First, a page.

Joan Silber: I was so glad to see a novel -- your new "Quartet for the End of Time" -- beginning with a depiction of the Bonus Army in the 1930s, which I did learn about in school but which is hardly mentioned now (forgotten, along with much of our labor history). Can you talk about how you came to choose this as a starting point?
Johanna Skibsrud: I first became interested in the Bonus Army March precisely because I hadn’t learned about in school. Until I stumbled upon an oblique reference to it in 2008, I had never heard of the Bonus Army or the riot of 1932. I wanted to think — through my book — about why. Of all the possible stories we could tell of our past, which ones do we choose, and why do we choose them? How is our past, and therefore our future, created by the stories we tell, as well as the ones we do not? The ambiguity surrounding the term “bonus” was also intriguing to me in 2008, at the beginning of the financial crisis. See, the “bonus” was not really a bonus at all – it was an insurance policy, payable at death or 1945, whichever came first. The money the veterans had been promised did not actually exist in 1932—but this was not well understood. Neither was the fact that pushing for an early payout would mean dramatically less compensation than if they waited until 1945. Beginning my novel with the financial crisis of the 1930s and the rather empty promise of a “bonus” for American veterans struck me as a powerful way to explore the imaginary aspects of our financial and political realities and, along the same lines, the best and worst aspects of “the American dream.”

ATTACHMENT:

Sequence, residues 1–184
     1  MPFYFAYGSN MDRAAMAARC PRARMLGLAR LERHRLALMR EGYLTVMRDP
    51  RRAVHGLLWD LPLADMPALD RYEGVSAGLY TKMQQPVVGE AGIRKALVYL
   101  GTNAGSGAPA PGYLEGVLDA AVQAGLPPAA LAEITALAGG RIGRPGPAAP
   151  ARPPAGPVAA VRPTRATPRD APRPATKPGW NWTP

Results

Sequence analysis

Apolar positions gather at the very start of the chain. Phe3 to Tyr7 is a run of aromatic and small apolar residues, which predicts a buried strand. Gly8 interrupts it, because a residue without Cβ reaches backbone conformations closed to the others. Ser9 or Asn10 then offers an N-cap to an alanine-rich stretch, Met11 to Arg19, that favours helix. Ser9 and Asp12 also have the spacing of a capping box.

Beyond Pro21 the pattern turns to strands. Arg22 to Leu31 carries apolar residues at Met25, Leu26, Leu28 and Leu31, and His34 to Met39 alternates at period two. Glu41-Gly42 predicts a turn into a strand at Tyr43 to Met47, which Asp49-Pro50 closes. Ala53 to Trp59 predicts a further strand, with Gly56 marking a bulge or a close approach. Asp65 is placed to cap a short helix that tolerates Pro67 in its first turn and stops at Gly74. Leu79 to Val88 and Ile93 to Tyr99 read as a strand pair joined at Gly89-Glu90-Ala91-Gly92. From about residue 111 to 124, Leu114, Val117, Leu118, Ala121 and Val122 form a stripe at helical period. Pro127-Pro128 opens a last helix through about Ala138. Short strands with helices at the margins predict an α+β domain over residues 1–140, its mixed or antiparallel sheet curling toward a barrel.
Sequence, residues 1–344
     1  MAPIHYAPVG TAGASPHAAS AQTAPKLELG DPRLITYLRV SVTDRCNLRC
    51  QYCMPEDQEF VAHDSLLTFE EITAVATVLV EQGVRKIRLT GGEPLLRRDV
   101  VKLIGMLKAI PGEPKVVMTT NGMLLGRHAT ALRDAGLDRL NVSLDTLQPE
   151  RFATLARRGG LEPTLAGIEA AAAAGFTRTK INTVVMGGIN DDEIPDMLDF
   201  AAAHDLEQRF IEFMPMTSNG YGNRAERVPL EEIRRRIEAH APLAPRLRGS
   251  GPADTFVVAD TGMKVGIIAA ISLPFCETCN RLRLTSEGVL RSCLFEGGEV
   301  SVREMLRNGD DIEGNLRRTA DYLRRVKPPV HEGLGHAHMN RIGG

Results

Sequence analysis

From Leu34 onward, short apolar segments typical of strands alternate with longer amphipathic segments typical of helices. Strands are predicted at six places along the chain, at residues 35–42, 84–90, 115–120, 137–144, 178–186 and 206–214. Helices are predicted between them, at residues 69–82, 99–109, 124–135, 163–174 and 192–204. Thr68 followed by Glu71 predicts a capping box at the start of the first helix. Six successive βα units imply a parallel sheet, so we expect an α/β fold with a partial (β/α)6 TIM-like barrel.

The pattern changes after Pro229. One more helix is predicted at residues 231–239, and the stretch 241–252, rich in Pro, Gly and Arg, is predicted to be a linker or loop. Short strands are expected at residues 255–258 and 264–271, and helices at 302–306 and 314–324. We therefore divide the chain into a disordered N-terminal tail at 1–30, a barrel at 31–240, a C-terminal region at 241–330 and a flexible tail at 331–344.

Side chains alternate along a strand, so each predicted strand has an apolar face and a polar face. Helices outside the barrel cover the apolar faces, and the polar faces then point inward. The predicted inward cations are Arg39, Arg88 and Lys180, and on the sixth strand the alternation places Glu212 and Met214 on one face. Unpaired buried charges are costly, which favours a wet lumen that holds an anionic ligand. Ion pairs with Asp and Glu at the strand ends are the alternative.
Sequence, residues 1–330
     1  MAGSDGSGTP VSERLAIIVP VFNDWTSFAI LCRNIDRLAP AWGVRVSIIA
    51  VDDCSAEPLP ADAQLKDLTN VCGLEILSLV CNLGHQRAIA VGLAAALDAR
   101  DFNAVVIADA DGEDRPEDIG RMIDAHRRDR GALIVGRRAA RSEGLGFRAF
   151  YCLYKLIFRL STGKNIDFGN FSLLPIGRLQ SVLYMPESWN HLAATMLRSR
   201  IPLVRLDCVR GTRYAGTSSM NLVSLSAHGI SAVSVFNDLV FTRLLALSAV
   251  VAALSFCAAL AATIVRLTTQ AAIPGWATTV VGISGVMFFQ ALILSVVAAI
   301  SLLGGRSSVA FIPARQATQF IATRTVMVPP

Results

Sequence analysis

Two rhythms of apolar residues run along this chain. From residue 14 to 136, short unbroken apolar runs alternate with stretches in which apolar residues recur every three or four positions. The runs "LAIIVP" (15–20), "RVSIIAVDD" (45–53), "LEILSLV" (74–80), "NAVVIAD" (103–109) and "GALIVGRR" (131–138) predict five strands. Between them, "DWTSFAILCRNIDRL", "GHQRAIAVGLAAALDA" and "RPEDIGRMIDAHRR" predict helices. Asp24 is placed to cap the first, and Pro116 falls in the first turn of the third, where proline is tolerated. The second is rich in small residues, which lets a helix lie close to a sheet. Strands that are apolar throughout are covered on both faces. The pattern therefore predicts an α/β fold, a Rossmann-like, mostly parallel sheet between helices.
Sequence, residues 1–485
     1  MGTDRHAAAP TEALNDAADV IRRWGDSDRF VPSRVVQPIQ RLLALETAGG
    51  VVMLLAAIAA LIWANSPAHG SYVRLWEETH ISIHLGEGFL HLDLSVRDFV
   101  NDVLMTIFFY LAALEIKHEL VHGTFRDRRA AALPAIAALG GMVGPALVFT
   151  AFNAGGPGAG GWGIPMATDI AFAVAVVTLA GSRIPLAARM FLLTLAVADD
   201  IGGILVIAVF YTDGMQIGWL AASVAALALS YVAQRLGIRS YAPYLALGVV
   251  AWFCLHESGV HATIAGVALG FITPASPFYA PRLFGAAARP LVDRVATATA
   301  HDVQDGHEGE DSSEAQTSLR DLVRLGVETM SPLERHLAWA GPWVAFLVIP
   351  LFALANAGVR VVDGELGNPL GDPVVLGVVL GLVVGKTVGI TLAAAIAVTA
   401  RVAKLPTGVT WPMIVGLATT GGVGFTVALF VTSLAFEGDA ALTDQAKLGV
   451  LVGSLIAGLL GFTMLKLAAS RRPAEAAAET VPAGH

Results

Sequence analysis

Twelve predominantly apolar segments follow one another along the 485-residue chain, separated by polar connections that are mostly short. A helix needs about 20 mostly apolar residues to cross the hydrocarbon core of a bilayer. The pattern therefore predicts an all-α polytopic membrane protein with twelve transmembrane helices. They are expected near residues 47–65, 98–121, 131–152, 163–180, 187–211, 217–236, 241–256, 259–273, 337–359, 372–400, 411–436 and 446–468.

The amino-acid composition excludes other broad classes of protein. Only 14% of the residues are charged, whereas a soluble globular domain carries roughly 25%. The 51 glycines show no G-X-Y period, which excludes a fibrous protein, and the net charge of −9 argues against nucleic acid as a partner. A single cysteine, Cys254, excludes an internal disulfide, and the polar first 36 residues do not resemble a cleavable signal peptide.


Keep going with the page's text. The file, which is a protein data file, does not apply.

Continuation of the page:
We’re in a literary period where historical fiction, once regarded as the realm of bodice rippers, is now occupied and elevated by serious writers. Can you talk about the joys and challenges of working in this mode? How did you manage the research and what got left out?
As betrayed by my answer to the last question, I actually think of this novel as quite contemporary. I never set out to be “historical” as such, and in many ways the research was just as creative as the writing process. One story naturally led to another, and then another, and another … I saw all of these stories opening up before me — all the different possibilities of what history might have been, or could still become. Again, my goal was not to capture a specific moment in a history that had (more or less literally) already been “written,” but to convey this dizzying, ecstatic, often terrifying experience, which is time itself.
I’m naturally interested in the ways the book talks about time and uses time. I’d love to hear about struggles with structure -- and the not-so-easy task of addressing issues of time directly. And what was the role of the Messiaen Quartet that gives the book its title?
I open with an epigraph from Messiaen. He writes: “Rhythm is, in essence, alteration and division. To study alteration and division is to study time. Time — measured, relative, physiological, psychological — is divided in a thousand ways, of which the most immediate for us is a perpetual conversion of the future into the past. In eternity, these things no longer exist. So many questions! I have posed these questions in my 'Quartet for the End of Time.'” This epigraph is important to me because it identifies the shared ambition of Messiaen’s "Quartet" and my own. Messiaen was interested in transcribing the sounds of the living world around him (birdsong, for example, engine sounds …); I wanted to try to translate, or transcribe, or further interrogate, Messiaen’s musical reflections on rhythm and time into words.
The story deals with repeated episodes of betrayal, collusion, spying and counterspying. Characters often have difficulties deciding which side they’re on. Can you say how you were first drawn to this theme and how you feel it plays out in the novel?